This article is from the archive of our partner National Journal

ERLANGER, Kentucky—As Matt Bevin addressed a hotel ballroom full of voters gathered to hear from Republican gubernatorial candidates last week, a ceiling light dislodged just shy of where Bevin's primary opponents sat watching. The light dangled ominously for a moment, threatening to fall, but Bevin didn't miss a beat.

"See? Even the people higher than us agree," Bevin ad-libbed, his warm, breezy response eliciting the biggest laugh of the two-hour event. "I'm not saying that's a sign or anything."

The performance highlighted Bevin's ample charisma, a characteristic that wonky business forums don't always draw out of candidates. Trey Grayson, the head of the Northern Kentucky Chamber of Commerce, which put on the event, said afterward that he thought Bevin's showing was one of his best yet. "He's funny, he's likable," said Grayson, a former Republican officeholder who moderated the forum. "If you sat there and didn't really know anything about the four of them, you would be impressed with him."

Yet Kentuckians already know plenty about Bevin, much of it unflattering. The businessman drew a sharp contrast with Sen. Mitch McConnell in a primary last year, and McConnell spared no expense crushing his rival. The year before becoming Senate majority leader, McConnell and his team criticized Bevin for a LinkedIn profile claiming that he graduated from MIT (he didn't), evidence that he once supported the federal bank bailout before railing against it, and, most damaging of all, Bevin's speech at a pro-cockfighting rally, for which he had to apologize.

Despite Bevin's personal gifts, his campaign did best in 2014 when it focused on the senator and worst when the spotlight was on him. Now as a candidate for governor, he is trying to run a pro-Bevin campaign—not an anti-McConnell one. But instead of building a foundation last year for future office, as many first-time candidates often do despite losing, Bevin may have just dug a hole.

Bevin insists he has no regrets, and he said he'd "absolutely" challenge McConnell again if he had a do-over. Bevin also said in an interview that he'd been more than the "anti-McConnell" and that he's optimistic he can win on his own merits.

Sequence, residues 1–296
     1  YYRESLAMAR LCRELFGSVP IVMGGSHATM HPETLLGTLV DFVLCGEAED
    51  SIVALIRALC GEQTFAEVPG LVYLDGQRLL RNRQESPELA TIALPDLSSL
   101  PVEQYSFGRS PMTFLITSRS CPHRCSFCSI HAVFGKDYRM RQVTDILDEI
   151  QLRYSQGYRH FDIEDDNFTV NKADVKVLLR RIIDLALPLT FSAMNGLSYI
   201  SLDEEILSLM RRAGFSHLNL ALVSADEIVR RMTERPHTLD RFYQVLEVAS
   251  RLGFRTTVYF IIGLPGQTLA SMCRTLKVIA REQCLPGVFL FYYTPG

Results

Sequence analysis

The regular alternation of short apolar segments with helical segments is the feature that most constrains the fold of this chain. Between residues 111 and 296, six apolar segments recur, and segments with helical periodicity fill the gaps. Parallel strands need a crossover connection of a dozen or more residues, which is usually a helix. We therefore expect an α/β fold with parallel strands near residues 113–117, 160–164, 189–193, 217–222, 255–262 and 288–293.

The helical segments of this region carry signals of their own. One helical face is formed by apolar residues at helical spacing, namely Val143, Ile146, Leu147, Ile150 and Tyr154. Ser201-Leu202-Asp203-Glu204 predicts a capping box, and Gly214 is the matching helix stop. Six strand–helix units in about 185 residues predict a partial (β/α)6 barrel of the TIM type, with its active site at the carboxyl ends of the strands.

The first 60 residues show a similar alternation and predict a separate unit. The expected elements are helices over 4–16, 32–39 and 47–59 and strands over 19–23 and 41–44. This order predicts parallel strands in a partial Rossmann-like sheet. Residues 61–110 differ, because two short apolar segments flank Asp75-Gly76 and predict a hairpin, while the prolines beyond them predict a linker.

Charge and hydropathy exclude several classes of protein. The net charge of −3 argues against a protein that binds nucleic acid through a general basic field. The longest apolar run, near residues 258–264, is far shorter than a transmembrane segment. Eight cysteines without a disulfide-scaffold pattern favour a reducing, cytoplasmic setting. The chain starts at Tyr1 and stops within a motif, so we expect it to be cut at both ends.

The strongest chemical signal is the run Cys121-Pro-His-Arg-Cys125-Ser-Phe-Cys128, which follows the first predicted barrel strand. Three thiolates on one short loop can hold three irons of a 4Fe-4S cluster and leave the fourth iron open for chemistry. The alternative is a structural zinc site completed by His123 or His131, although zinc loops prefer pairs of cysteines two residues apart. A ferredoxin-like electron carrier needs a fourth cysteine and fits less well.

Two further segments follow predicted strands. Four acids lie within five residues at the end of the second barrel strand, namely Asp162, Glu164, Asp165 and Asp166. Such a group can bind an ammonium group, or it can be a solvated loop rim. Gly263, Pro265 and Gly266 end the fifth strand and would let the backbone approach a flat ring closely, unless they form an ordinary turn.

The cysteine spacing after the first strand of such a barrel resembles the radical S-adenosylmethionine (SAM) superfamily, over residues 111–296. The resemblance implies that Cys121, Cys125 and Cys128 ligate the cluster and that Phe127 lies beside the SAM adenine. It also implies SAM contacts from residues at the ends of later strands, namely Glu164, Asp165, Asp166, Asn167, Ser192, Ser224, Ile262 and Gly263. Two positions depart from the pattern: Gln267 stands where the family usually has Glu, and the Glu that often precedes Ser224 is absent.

"I don't think it was as simple as that. There were five people in that race, and so frankly I think it's unfair to the four other people. They were also not him. I mean the reality of course was that he wasn't me, either," said Bevin.

At times, though, it seems like Bevin is doing all he can to put last year's loss behind him. He's spent the months since he entered the race traveling to dozens of Republican county Lincoln Day dinners across the state. There's no mention of McConnell in his stump speech, which focused last year on McConnell having "gone Washington" but now paints broader ideological strokes while honing in on specifics like eliminating Kynect, the state health-insurance exchange, and repealing the law that expanded Medicaid coverage in the state.

After one such fundraising dinner in Frankfort last Thursday night, Bevin's said his rationale for running for governor is simple. "I still live here," Bevin told National Journal. I'm still a businessman here. I'm still a husband and a father here, and so there are needs I think I can address."

And yet, Bevin clearly views his current campaign as a continuation of that Senate primary effort. "I just continue to pack the miles on. The difference is I get to go back to places I've already been. From that standpoint you put your foot on the gas and you just keep working."

Kentucky political analyst Al Cross thinks it's possible Bevin could yet offer a compelling message in the gubernatorial race. But before he can do that, he has to contend with a problem. "He is not viewed by a majority of these Republican primary voters as a credible messenger," Cross said.

The tea-party activists who awarded Bevin hero status last year have plenty to like about his opponents, including their fatter résumés. The national groups who funneled him money to take down McConnell don't take as much interest in governors. And the team Bevin ran against still remains atop Kentucky's political pyramid, watching (and mocking) his moves.